Mural Depicts Hard Times In The Hard-coal Region

September 05, 1991|by BOB LAYLO, The Morning Call

When patients and visitors walk in the lobby of Coaldale Hospital, they get a reminder of why the facility was built.

An eye-catching mural of pictures from the height of the coal-mining industry lines one wall -- a tribute to the people for whom the institution was built.

"Some still come here for treatment," said hospital Administrator Frank Parano, who decided to put up the 14-picture mural.

Coaldale Hospital was built about 80 years ago so indigent coal miners from the Panther Valley could have a place for treatment. Times have changed, and the facility will no longer be a state hospital by March, probably sooner.

But there's a reminder of the past.

Most of the pictures come from the collection of two Panther Valley residents.

George Harvan, a nationally known photographer, contributed some of his pictures and others that he accumulated from collections.

One photograph Harvan, who has thousands of negatives, contributed was a well-known shot called "The Breaker Boys."

"That was taken in the 1880s," said Harvan, who acquired prints from a Wilkes-Barre studio. "It's been published a number of places."

"The Breaker Boys" photo shows young boys picking slate from a coal chute. Conditions in the anthracite mines led to child labor laws .

Harvan has been doing photography for decades, taking a strong interest in the coal-mining industry when he went to work for Lehigh Coal & Navigation Co. in 1949.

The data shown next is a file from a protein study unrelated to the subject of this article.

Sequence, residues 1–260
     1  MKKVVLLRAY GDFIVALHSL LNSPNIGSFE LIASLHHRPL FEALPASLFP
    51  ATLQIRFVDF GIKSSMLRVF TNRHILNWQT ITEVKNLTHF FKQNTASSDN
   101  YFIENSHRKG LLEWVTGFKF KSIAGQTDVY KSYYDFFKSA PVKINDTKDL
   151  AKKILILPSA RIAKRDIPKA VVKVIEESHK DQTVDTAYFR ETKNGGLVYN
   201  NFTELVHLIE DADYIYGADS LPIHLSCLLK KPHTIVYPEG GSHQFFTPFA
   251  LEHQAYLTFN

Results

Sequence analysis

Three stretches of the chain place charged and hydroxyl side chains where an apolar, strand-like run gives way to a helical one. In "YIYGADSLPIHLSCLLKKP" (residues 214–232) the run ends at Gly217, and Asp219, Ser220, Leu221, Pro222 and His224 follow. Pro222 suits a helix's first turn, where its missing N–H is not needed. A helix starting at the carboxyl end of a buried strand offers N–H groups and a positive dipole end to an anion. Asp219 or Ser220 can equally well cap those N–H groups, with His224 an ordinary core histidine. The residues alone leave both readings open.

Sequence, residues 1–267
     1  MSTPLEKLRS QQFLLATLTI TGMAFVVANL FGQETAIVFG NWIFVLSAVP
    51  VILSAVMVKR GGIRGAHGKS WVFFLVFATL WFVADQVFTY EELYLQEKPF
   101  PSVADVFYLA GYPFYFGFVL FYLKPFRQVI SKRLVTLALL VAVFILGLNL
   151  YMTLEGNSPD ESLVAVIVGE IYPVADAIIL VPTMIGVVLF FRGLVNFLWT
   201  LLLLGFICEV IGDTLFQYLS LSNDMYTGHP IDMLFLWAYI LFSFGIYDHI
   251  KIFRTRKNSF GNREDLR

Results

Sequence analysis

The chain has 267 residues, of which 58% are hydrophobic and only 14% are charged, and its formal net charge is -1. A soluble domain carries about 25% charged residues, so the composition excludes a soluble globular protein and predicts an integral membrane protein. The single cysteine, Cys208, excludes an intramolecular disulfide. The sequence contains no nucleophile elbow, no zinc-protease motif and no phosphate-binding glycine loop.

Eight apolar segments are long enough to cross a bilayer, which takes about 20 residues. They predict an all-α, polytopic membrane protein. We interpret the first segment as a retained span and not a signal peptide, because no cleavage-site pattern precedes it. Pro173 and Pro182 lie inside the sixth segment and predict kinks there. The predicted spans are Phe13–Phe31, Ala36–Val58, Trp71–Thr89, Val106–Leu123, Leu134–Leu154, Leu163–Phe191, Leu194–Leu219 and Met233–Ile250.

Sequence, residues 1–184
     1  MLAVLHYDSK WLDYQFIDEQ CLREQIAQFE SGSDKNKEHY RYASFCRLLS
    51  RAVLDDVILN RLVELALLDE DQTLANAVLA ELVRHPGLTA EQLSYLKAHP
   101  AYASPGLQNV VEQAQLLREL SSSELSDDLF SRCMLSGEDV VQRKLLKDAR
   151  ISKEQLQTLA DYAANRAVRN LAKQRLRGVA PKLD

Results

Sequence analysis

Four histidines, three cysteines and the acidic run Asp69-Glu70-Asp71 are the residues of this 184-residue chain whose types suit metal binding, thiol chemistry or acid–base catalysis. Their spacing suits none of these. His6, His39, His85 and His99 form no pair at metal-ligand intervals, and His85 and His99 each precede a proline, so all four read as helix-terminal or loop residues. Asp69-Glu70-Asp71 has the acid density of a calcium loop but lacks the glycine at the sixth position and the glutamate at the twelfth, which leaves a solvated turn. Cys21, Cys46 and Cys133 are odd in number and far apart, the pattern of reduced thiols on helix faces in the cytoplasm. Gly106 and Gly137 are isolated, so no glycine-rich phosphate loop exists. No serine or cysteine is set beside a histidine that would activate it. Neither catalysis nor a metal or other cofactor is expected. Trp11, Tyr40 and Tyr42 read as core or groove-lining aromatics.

"I used to do their public relations work," he said.

Other Harvan contributions include a shot of Mike "Tarzan" Lukas using a crosscut saw to prepare tree timbers for the Lanscoal Mining Co., Lansford. Lukas still uses the hospital.

Bill Richards, a retired Lansford school teacher , opened his collection of pictures for the mural.

"I think it tells a story -- not so much the story of the hospital but how the men worked and how it looked," he said.

Richards, a collector of coal-mining memorabilia, said he contributed the pictures out of pride for the Panther Valley.

"These are just a few of the hundreds we have," he said.

The centerpiece of the mural is a shot of the No.8 breaker in Coaldale at dusk by Rudy Bednar, a retired Morning Call photographer. The breaker, one of the largest in the area, was torn down in the 1960s.

Parano said the mural, up since June, will be complete when a brief description of the photographs goes on the wall.